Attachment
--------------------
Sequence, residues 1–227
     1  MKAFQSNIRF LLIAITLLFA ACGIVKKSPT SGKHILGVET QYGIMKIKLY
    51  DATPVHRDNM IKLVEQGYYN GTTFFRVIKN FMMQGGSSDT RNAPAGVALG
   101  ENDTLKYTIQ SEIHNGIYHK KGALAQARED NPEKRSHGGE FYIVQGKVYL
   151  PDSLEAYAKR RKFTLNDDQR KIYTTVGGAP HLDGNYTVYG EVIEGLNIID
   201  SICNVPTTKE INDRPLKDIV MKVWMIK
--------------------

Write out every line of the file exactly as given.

Sequence, residues 1–227
     1  MKAFQSNIRF LLIAITLLFA ACGIVKKSPT SGKHILGVET QYGIMKIKLY
    51  DATPVHRDNM IKLVEQGYYN GTTFFRVIKN FMMQGGSSDT RNAPAGVALG
   101  ENDTLKYTIQ SEIHNGIYHK KGALAQARED NPEKRSHGGE FYIVQGKVYL
   151  PDSLEAYAKR RKFTLNDDQR KIYTTVGGAP HLDGNYTVYG EVIEGLNIID
   201  SICNVPTTKE INDRPLKDIV MKVWMIK